Feeding Kittens: What-When-How Much
Feeding Kittens: What-When-How Much .There aren’t many other animals that can compete with kittens for adorableness. You are probably reading up on how to care for your kitten(s) right now if you have just gotten one or more of them. You would do whatever in your power to guarantee that your lovely newborn develops into a robust adult, wouldn’t you? The equation for achieving optimal health includes proper nutrition in a significant way. Weaning a kitten from its mother’s milk occurs over the course of approximately eight weeks, beginning after the first four weeks during which the kitten consumes only its mother’s milk. The following is information that you must have once you have taken your new kitten into your house.
1. How does the dietary requirements of an adult cat differ from those of a kitten?
During the first few weeks of life, a kitten’s weight can more than double, and in some cases even quadruple. It is possible that your kitten has energy requirements that are three times higher than those of an adult cat because of its rapid rate of growth and its high level of activity.
According to Jennifer Larsen, DVM, PhD, nutritional consultant and assistant professor of clinical nutrition at the Veterinary Medical Teaching Hospital at the University of California, Davis, it is difficult for kittens to consume sufficient quantities of calories in a single meal because of their high energy requirements. According to her, “therefore the majority of kittens want to eat at least three or four meals a day.” “It’s also something to do with comfort; at their core, kitties are snackers.”
According to Larsen, the requirements for lipids, certain fatty acids, and the majority of vitamins are the same for adult cats and kittens alike. However, the amount of protein, amino acids, and minerals that a kitten needs, in addition to certain vitamins, is significantly more than that of an adult cat. For instance, around thirty percent of a kitten’s total calorie intake need to come from protein.
For all of these reasons, the majority of specialists advise that you continue feeding your kitten food that is specifically developed for kittens until it is 1 year old. Even though some cat foods have labels that say they are suitable for kittens and cats at all stages of their lives, you shouldn’t give these meals to your kitten unless feeding tests back up the claim that the label makes.
Also, be sure to give your cat lots of clean water to drink, since this is essential for maintaining their health at any age.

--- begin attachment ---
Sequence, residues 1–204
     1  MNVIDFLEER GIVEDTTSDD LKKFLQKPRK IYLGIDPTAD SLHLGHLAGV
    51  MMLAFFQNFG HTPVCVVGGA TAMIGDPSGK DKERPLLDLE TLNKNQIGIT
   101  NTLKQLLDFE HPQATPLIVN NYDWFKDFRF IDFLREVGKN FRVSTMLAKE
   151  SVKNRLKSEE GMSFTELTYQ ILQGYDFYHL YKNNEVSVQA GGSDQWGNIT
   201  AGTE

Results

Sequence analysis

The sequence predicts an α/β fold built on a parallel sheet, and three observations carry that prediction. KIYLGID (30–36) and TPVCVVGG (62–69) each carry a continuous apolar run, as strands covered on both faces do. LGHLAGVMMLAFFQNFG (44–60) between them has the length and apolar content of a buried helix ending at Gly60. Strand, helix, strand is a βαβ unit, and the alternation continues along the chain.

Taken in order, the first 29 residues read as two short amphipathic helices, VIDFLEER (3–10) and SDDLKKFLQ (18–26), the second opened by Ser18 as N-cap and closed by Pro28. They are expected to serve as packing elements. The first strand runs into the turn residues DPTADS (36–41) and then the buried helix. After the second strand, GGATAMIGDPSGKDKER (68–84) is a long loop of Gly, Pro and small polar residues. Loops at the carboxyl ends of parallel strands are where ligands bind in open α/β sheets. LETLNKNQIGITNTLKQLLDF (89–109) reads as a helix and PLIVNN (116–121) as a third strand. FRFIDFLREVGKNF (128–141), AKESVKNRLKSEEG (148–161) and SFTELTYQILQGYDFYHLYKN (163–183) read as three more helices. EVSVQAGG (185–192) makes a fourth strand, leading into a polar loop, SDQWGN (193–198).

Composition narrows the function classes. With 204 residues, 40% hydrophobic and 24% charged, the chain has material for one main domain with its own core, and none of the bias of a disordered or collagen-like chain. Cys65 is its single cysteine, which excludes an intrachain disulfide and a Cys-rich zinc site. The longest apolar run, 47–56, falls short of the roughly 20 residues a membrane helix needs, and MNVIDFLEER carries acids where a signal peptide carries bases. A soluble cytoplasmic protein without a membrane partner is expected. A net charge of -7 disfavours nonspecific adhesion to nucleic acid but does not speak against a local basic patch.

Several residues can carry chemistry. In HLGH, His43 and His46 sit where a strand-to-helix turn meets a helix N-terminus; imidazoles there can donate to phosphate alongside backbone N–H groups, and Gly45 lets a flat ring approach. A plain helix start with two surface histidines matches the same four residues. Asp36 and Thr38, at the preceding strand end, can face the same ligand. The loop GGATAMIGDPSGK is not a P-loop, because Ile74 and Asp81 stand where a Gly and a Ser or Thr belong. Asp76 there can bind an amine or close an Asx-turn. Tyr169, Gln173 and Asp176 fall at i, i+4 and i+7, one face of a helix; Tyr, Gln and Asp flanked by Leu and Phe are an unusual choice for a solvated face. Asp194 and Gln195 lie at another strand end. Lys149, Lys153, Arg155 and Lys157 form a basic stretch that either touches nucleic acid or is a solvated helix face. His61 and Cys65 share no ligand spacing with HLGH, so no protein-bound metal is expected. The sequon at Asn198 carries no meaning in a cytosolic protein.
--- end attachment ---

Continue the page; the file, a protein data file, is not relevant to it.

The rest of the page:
2. How can I ensure that I am choosing a meal that is of a high-quality for my kitten?
The senior director of client services for the Midwest Office of the American Society for the Prevention of Cruelty to Animals (ASPCA), Mindy Bough, CVT, stresses the need of feeding high-quality food to kittens. Bough asserts, “I do not endorse store brands or generic alternatives.” She recommends purchasing your pet food from a trustworthy manufacturer, namely one that is commonly recommended by local vets. According to the findings of this research, these diets for kittens are quite good for their health.
But how can you be sure that the food you buy for your cat is of a high quality? Examining the label is one method you may use. At a bare minimum, it ought to include the following: “Complies with the recommendations made by the American Association of Feed Control Officials (AAFCO) on the nutritional needs of kittens.” The American Association of Feed Control Officials (AAFCO) is a collection of state and federal officials who control pet food. Look for anything that says “Complete and balanced nourishment for kittens based on AAFCO feeding studies.” This is an even better option. When it comes to your kitten’s diet, “complete and balanced nutrition” implies she won’t need any additional mineral or vitamin supplements. In point of fact, keep in mind that giving your cat an excessive amount of a “good item” can really be harmful to its health and lead to serious issues in this regard. Only use supplements if your pet’s primary care veterinarian advises you to do so.
Be wary when consuming foods prepared at home as well. For instance, home-cooked meals that consist of only meat might be deficient in calcium, leading to a mineral imbalance that can result in hyperparathyroidism, a condition that is more prevalent in young cats who are fast developing. According to Bough, if you choose to follow a DIY diet, you should ensure that it has been designed by a qualified nutritionist.